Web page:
Some only aim for more control over the affairs of the community they represent. history or religion are identical to those of a regional identity.Europe Between Globalisation and National and Regional Identities The attempt to construct a European identity on certain chosen historical traditions and on the exclusion of the non-European other proves ambivalent and contradictory in many respects. affirmed by the elites of national movements as the legitimation of their struggle for independence. language. National and regional identity [] are inextricably linked. which they located in the global culture. This process is accompanied by the dissemination of a kind of uniform world culture. It needs to assert itself constantly against challenges from two sides. these measures (e. Within the European Union the rise of nationalism and regionalism has resulted in an intensive debate about the distribution of responsibilities between the centre in Brussels and the nation-states and regions. is deployed in precisely the same way by regional elites against the nation-state. These movements were often quite successful because of their ability to build a closer relationship with the population. and demands for a redistribution of political power to the national and regional levels have been raised. On the other hand European unification has always been challenged by nationalism and regionalism. As one result of the discussion EU politicians adopted a concept called Europe of Regions in which regions should be given more attention in the Unions policies. In its identity conception regionalist thinking is largely similar to nationalist ideas: The concept of national identity is notoriously ambiguous. The uncontrolled concentration of power in the hands of EU bureaucrats is widely criticised. Though many of these cultural elements are of Western. i. On a cultural level the EU countries tried to encounter dominant foreign. autonomy to a certain extent. The regionalist approach uses regional particularities and cultural differences. However. (Haupt 10) In doing so regionalist movements do not always totally reject the nation-state and do not generally take a secessionist character. ethnic. origin. whether linguistic. particularly American influences. The rise of various extremely nationalist and racist movements in countries inside and outside the EU is only one aspect of this development. religious or other. the global mass culture has some egalitarian effects which constitute a fundamental threat to the idea of a genuine European identity.e. The elements that are asserted in the cultural discourse as constitutive of a national identity such as territory. from the global and from the national and regional level. and where the emphasis is increasingly shifted towards the rights of national or . On the one hand there are the so-called globalisation processes characterised by increasing worldwide competition and new opportunities in information and communication technologies. especially European. The claim to a cohesive collective identity. to construct regional identities which contest the dominant identity models on the national level. although different values may be attributed to one or the other of these elements. Since the revival of nationalist ideas in the 1990s national peculiarities and characteristics have been used again on a large scale to mobilise people for diverse political aims. In a way the whole project of intensified European integration in the 1990s is an answer to the globalisation processes and has to be seen in the context of growing international competition. and applies as much to regions as to nation-states. quotas for films produced in Europe) have not proved very fruitful in the long run. the emergence of supranational cultural codes and the adoption of similar lifestyles all over the globe. In general emphasis on national identity combined with the longing for cultural authenticity and a return to origins began to form a major trend in the 1990s.g. and adopted some measures to protect their own cultural institutions. The admiration for cultural self-sufficiency also led to a growing influence of regionalism and regionalist movements in Europe.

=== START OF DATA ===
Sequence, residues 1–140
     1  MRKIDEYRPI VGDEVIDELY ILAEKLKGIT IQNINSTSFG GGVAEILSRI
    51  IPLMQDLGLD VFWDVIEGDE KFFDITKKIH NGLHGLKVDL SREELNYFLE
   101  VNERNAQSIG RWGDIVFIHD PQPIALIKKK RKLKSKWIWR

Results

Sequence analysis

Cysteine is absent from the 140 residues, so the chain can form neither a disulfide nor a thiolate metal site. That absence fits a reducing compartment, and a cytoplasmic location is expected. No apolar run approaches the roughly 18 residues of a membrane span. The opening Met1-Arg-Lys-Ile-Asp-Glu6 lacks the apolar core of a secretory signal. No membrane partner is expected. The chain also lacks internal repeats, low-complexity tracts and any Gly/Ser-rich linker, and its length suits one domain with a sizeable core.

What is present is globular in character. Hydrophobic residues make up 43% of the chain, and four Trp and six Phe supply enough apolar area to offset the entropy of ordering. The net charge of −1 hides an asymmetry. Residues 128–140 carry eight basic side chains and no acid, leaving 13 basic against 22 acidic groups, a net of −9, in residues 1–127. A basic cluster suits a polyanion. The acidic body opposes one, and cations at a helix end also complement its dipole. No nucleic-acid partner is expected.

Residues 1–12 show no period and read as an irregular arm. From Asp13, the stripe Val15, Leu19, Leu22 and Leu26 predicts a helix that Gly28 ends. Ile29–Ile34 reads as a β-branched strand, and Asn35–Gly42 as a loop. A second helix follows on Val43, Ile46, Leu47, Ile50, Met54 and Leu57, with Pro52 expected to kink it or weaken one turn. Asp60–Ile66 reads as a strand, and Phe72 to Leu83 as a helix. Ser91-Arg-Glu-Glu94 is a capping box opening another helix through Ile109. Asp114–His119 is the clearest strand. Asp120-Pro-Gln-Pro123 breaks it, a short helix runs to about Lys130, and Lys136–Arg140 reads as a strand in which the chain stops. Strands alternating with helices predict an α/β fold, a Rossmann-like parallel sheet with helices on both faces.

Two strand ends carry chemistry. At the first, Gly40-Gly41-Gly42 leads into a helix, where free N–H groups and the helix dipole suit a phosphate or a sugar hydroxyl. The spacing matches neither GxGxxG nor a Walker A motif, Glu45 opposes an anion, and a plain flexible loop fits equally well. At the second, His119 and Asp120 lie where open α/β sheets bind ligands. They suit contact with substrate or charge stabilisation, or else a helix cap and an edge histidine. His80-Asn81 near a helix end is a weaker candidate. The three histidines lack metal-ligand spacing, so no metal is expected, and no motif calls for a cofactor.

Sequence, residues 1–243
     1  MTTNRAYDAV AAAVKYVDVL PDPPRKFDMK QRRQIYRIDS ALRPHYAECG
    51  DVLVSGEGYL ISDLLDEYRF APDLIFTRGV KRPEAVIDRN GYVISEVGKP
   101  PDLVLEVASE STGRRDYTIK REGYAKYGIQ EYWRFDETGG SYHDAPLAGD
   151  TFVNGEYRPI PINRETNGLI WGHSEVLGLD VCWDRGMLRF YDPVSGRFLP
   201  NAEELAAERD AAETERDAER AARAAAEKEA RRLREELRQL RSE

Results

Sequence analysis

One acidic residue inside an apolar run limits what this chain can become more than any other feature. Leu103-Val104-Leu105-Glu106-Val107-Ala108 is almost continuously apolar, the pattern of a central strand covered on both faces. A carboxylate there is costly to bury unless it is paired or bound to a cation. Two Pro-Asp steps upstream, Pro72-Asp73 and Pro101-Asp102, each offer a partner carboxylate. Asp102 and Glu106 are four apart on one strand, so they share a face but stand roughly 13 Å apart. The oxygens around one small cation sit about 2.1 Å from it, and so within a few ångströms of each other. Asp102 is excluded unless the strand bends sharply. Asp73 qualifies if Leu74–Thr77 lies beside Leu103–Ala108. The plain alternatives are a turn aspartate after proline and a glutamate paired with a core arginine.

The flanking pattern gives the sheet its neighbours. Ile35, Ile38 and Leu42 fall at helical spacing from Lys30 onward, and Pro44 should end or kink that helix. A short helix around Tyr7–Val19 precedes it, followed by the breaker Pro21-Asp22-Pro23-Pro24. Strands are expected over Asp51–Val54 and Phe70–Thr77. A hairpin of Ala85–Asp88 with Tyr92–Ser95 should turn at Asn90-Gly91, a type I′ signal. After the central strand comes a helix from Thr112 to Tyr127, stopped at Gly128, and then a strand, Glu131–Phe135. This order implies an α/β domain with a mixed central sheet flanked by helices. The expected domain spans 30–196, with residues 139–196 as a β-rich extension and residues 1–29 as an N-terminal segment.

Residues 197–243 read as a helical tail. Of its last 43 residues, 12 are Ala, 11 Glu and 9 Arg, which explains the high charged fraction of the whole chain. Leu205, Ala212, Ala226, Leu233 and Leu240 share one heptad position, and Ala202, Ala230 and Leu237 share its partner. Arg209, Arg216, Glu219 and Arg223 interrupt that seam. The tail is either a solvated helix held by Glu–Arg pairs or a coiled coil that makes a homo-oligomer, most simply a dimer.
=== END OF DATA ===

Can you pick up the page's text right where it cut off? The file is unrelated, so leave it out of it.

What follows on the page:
On the other hand the European Union lacks the oppressive and levelling potential of pre-democratic regimes which formed their people to homogenized nations largely by authoritarian means. Yet the debate is still going on.regional minorities. namely the Orient. (13) 3. he continues. it is as a political programme. The European Perspective for Cyprus In the 1990s membership of the European Union began to form a vital component on the political agenda in both parts of Cyprus and has influenced all attempts to solve the Cyprus conflict since then. something which is equated with backwardness. Anyway. and as such a political programme it is therefore something under continuous negotiation and re-negotiation: Both as politics and ideology. might prove antagonistic to the multinational and pluralist character of the European Union. and the future shape of the EU remains unclear to a large extent. but the conditions of such membership are widely disputed. others reject such an idea vehemently as a threat to national and regional identities and to the concept of the nation-state. European identity is usually seen in relation to national identity. that is. describes Europe as a discourse which is translated into a political and ideological project (Stråth 14). as an alternative which might replace the nation. Rainer Lepsius explains why the European Union would not develop into a nationstate Europe: A unified European people can be formed neither through ethnic and cultural homogeneities nor through the idea of civil rights. M. Since Hellenic nationalism tends to Eurocentric views. The prevailing ethnic nationalism in both groups. Europe must be seen in the plural. In the south of the island EU accession is generally considered to be a national aim of outstanding importance. the question whether the Union should obtain a more confederal or a more federal character is closely linked to the search of a European identity. however. The structure of national identity is projected onto the European identity. (Lepsius 211212) Bo Stråth. or in a relationship where it overlaps and supplements the nation. Could Europe develop into a nation-state according to the nation-building processes in the 19th and 20th century? Could a political and economic structure like the European Union form a common territorially based identity? Marco Bifulco declines: Believing in the existence of one European identity means wanting to impose it. always contested and contradictory (14). The subject is closely related to the integration and enlargement process of the European Union and the discussion about a European constitution and therefore of significant importance for the new member states. In this perspective Greeks and . on the other hand. Another important aspect is the heavy debate about the question whether the EU should stay a confederation of independent states or should become a federation with far more power and responsibility. If Europe has a meaning. either in tensionfilled opposition to it. for no projection is ever non-interested/nonideological []. On the one hand the member states [of the EU] are democratic civil societies formed long ago in history. and this projection has an ideological underpinning. it regards Europe as the centre of civilisation and modernity in contrast to the other. The European something thus proves to be [] pluralism (Bifulco 28). Europe is so diluted that it means anything or nothing. Stråth is highly critical of the whole discourse on European identity: As a discourse on identity. In Northern Cyprus surveys show that about 90 percent of the population approve of EU membership. While some political leaders urge that only a federal European Union would be able to meet the global challenges in the future. which see themselves as ethnic-cultural unities and which reached the quality of nationstates a long time before.